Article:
Drug Mule Bell and Bridle

  A wooden bell next to a wooded, beaded bridle.
Accession Number:
2022.9.1 (Bell); 2022.9.2 (Bridle)

The term “drug mule” typically refers to someone who personally transports illegal drugs. But drug traffickers have used actual mules to move their products for years, especially across rugged terrain. Mules are bred from donkeys and horses, making them strong pack animals that can carry heavy loads.

This bell and bridle were worn by mules transporting drugs between Burma and Thailand in the 20th century. For hundreds of years, farmers have grown poppy plants in the Golden Triangle, an area in Southeast Asia that includes parts of Thailand, Burma, and Laos. Opium, a highly addictive narcotic, comes from poppy plants.

Burma is the second largest opium poppy grower in the world. For generations, local leaders and outside actors have sold opium and heroin to maintain power. Several different ethnic and political groups have clashed, often violently, throughout Burma’s history, and many have promised to protect communities with drug money. As a result, addiction, human trafficking, and even environmental destruction have plagued the country.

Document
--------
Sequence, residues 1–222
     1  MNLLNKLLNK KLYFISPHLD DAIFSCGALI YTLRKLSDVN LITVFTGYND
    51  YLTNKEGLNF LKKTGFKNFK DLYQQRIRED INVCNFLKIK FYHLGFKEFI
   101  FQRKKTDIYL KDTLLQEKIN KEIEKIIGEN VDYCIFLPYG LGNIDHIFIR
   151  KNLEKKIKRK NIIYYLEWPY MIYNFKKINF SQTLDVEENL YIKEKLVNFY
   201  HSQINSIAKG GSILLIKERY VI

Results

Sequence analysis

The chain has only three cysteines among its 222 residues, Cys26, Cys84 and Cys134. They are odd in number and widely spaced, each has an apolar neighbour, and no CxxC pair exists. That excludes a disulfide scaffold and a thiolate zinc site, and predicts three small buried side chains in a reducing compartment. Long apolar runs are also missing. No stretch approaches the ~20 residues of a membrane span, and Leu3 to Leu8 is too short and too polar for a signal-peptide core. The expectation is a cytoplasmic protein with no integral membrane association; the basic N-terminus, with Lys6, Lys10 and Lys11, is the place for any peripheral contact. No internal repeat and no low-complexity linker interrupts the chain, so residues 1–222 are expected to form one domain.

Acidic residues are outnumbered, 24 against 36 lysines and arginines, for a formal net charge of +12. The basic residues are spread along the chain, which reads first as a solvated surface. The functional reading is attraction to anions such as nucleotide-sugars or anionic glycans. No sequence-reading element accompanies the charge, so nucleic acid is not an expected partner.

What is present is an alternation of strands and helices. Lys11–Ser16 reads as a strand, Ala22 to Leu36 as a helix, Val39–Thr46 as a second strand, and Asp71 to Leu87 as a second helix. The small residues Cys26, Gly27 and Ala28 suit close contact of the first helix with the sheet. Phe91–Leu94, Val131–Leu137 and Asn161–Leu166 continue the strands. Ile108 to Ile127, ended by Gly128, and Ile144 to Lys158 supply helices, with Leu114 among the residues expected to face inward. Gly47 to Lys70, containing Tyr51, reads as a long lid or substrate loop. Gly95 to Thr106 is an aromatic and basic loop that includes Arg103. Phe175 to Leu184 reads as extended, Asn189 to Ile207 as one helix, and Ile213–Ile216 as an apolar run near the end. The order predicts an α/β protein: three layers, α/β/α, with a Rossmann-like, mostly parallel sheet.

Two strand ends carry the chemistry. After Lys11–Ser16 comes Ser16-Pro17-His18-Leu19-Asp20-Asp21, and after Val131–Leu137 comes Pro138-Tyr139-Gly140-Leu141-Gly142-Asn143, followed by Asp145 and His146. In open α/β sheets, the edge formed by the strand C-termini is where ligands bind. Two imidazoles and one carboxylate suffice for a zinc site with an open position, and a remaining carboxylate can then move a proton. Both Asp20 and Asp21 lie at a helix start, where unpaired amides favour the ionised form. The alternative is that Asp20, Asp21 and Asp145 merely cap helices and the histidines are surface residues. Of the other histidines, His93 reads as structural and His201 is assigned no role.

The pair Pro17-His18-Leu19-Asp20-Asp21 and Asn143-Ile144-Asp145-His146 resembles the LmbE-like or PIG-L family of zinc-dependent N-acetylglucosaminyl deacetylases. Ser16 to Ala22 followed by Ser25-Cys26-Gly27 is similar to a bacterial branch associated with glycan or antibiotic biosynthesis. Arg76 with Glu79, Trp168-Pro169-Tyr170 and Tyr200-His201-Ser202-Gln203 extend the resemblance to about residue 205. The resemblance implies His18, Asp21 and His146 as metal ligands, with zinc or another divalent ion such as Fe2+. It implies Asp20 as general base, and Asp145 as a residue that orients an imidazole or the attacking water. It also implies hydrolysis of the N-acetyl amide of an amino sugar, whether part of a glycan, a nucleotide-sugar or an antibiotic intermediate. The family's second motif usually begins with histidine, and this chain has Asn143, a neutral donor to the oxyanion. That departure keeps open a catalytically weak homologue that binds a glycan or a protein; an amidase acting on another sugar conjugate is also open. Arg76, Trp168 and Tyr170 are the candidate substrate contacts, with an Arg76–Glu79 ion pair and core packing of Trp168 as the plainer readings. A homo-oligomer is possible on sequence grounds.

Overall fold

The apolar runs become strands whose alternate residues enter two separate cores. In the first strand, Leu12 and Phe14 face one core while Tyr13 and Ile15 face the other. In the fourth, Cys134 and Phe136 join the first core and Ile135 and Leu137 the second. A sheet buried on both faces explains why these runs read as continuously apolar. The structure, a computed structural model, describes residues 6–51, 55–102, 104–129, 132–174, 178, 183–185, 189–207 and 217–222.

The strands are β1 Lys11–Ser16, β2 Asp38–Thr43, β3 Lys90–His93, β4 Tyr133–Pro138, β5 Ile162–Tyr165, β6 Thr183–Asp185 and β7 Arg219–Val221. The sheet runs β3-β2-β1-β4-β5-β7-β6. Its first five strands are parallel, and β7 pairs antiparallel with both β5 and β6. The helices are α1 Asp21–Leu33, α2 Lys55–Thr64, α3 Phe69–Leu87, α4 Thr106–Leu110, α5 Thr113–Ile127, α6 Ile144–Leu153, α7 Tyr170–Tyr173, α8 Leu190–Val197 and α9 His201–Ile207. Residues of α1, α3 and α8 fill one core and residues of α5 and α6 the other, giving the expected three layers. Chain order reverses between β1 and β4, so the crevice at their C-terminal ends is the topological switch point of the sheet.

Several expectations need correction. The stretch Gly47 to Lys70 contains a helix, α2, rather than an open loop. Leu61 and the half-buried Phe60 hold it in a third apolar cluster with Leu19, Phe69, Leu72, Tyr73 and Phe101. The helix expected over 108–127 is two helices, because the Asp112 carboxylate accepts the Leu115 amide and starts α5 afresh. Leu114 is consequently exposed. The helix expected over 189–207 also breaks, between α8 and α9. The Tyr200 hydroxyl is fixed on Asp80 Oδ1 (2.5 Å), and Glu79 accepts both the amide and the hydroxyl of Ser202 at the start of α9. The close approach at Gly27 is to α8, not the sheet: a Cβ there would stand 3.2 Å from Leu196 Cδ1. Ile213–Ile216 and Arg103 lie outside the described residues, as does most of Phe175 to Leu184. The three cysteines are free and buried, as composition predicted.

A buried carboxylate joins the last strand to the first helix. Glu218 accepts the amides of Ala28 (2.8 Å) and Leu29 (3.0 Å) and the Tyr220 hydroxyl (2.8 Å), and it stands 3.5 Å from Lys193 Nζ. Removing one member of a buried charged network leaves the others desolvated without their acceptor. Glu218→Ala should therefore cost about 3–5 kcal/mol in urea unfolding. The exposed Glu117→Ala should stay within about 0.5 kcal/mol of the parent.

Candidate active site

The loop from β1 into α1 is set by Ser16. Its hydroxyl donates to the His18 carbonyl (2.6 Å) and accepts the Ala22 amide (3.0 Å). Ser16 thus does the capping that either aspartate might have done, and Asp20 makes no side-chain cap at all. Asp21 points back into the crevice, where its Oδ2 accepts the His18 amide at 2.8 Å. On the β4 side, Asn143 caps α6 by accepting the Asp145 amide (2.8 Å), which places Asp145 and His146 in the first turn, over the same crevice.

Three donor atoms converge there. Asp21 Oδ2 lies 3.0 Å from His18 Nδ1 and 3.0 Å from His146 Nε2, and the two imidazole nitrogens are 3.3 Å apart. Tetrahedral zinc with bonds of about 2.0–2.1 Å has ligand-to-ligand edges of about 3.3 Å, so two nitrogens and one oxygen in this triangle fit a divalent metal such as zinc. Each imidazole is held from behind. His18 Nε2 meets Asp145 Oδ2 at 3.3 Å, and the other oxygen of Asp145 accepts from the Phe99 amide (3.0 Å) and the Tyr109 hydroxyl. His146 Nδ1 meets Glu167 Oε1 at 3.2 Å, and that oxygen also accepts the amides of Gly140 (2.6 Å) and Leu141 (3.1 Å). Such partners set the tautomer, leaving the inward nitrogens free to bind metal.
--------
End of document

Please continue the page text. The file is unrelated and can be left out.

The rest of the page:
One of the most infamous drug traffickers in Burmese history was Khun Sa. In the 1960s, he amassed an army known as the Mong Tai or Shan United Army. Those troops supported poppy cultivation and opium production in southern Burma. They often moved drugs across the border to Thailand using mule trains or caravans.

In a mule train, the first mule wears a bell to alert traffickers of the animals’ location. This wooden bell has two clappers that strike its sides, producing a hollow sound. Each mule may also wear a bridle, which has a soft bit that the animal bites down on. Bridles allow people riding or accompanying the mules to control their direction and speed.

Khun Sa’s troops moved drugs for decades before local rivalries and DEA’s Operation Tiger Trap forced them to surrender in 1996. But drug trafficking continued.

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